Michael Nardone and Kirsty Besterman were given the keys to the kingdom when they were cast as Lord and Lady Macbeth in Rufus Norris’ National Theatre production of Shakespeare’s Scottish play. Picking up the mantles of Rory Kinnear and Anne-Marie Duff, who played the murderously ambitious couple for the London run of Norris’ apocalyptic-looking production proved irresistible to both actors, who came to it with strong track records of doing classic plays onstage. In what sounds like a radical reinvention of Shakespeare’s play, the production’s dark mix of the personal and the political nevertheless cast a spell on them in a way where the flesh and blood everyday passions of the couple are brought home.
“I wanted to try and give Macbeth a real edge as an honest kind of man,” says Fife-born Nardone, who will be appearing on a Scottish stage for the first time in several years. “His relationship with the king is really important, and at the beginning of the play he knows his position and understands the virtue of loyalty. Then, as everyone in the world who’s ever existed does, he becomes tempted by something else, and he and his wife try to do it together, but they mess it up.”
As Nardone sees it, “The emotional relationship between Macbeth and his wife is crucial. They’ve been through this tragedy of losing their children, and they try to fulfil this vision. We can see today on TV all the time what happens to people who get a taste for that sort of thing, and for me the tragedy of Macbeth is that a perfectly good relationship is destroyed.
He’s reliant on her, and he’s the muscle, but she’s the brains. It’s all quite sad to see what happens.”
For Besterman too, the relationship between the Macbeths is the play’s driving force.
“I’ve always wanted to play Lady Macbeth with them having a strong marriage at the start,” she says. “They’ve had this terrible loss of their children, and they have this language between them. I don’t think Lady Macbeth is as mad as she’s sometimes played, certainly not at the start of the play when Macbeth has come back from the war and there’s this real passion between them, and they want to feel like that all the time.
“It’s obviously an epic story about murder, but there’s something there as well about this couple having an idea, being impulsive and not thinking it through, then finding themselves in a situation where they can’t cope with what they’ve done. He can’t cope with power, and instead of this incredibly loving and passionate thing they had they end up with this broken-down relationship that destroys them.”
Beyond the Macbeths’ domestic turmoil, there is a much bigger picture at play in an onstage world that seems to be tearing itself apart.
“The concept is quite specific,” Besterman explains. “It’s futuristic. It’s civil war. I love the darkness of it. There’s passion and loss and sadness, and the way Michael plays Macbeth, he does it so, yes, he’s a monster, but he’s still vulnerable, and that comes from what’s going on in the world around him.”
For Nardone, Macbeth’s ‘Tomorrow and tomorrow’ soliloquy has a far greater resonance than a reflection on his personal downfall.
“He’s not so much questioning the meaning of his own life,” Nardone says, “but of the whole meaning of existence and all the things you put up with. I think of that myself when I look around me and see people living in poverty and pain, and it makes you wonder why.”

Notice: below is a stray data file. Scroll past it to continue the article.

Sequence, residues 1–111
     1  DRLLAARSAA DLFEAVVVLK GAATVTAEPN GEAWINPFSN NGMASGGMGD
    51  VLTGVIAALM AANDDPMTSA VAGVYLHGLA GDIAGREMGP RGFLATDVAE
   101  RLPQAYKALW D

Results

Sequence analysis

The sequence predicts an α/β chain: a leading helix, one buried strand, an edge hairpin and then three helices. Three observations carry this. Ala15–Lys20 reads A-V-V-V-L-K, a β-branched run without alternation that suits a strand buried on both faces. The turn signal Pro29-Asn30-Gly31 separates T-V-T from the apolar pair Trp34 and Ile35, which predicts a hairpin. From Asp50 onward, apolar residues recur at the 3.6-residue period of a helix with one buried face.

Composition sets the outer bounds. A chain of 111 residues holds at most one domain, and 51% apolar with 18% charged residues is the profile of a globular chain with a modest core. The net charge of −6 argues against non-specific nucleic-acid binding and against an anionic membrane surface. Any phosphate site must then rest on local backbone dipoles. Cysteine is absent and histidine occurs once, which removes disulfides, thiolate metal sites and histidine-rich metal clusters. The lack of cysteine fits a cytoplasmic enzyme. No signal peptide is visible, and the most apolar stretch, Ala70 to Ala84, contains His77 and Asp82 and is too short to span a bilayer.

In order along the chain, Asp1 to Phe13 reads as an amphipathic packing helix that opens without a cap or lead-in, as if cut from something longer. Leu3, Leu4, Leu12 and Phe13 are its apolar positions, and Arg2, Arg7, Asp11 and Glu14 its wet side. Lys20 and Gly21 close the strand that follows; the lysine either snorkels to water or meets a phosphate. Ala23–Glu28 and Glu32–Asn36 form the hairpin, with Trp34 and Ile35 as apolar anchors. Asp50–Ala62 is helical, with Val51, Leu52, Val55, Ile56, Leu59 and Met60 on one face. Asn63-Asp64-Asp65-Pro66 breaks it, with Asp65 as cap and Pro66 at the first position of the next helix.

Besterman and Nardone are no strangers to Scotland’s stages. Besterman appeared in productions of Noel Coward’s play, Private Lives, and Laura Wade’s stage adaptation of Sarah Waters’ novel, Tipping The Velvet, at the Royal Lyceum Theatre, Edinburgh. Besterman was last in Edinburgh earlier this year at Edinburgh’s Traverse Theatre in Out of Joint’s production of Roland Schimmelpfennig’s play, Winter Solstice.
Elsewhere, in terms of Shakespearian roles, Besterman played Portia in The Merchant of Venice at Shakespeare’s Globe, Cordelia in King Lear with the Royal Shakespeare Company and Bianca in Cheek by Jowl’s production of Othello.
“I suppose it’s quite a diversion for me,” she says of playing Lady Macbeth. “I’ve done a lot of Noel Coward and camp roles, and now here I am stomping about in Doc Martens and vests.”
Nardone first came to prominence in the original production of David Harrower’s modern classic, Knives in Hens, at the Traverse Theatre, Edinburgh. He also appeared in the world premiere of Gregory Burke’s debut play, Gagarin Way at the Traverse and the National Theatre, and worked with Burke again on the National Theatre of Scotland production of Black Watch.
Macbeth will be Nardone’s first major stage role since he appeared with with the National Theatre in 2014 as the Duke of Cornwall in Sam Mendes’ production of King Lear starring Simon Russell Beale in the title role. Nardone previously worked with Norris at the Young Vic in the title role of Tanya Ronder’s adaptation of Lope de Vega’s seventeenth century Spanish play, Peribanez. Having focused on TV and film over the last few years with regular roles in the likes of River City and HBO series, Rome, Macbeth was too good an offer to turn down.
“I couldn’t really say no,” Nardone says. “I’m 51 now, and in a couple of years’ time I probably wouldn’t be able to do it., but for me, the vision of this production to me is very acute, because you can see in it the result of what happens in a divided society. One little bit of unrest, and everything falls apart and descends into chaos. That’s something that currently doesn’t feel very far away. I’m old enough to remember the three-day week and saw everything that happened in the 1970s, and there’s a clarity to this production that makes Macbeth a story for our times.”
Macbeth, Festival Theatre, Edinburgh, October 20-27; His Majesty’s Theatre, Aberdeen, November 7-10; Theatre Royal, Glasgow, February 19-23 2019.
The Herald, October 23rd 2018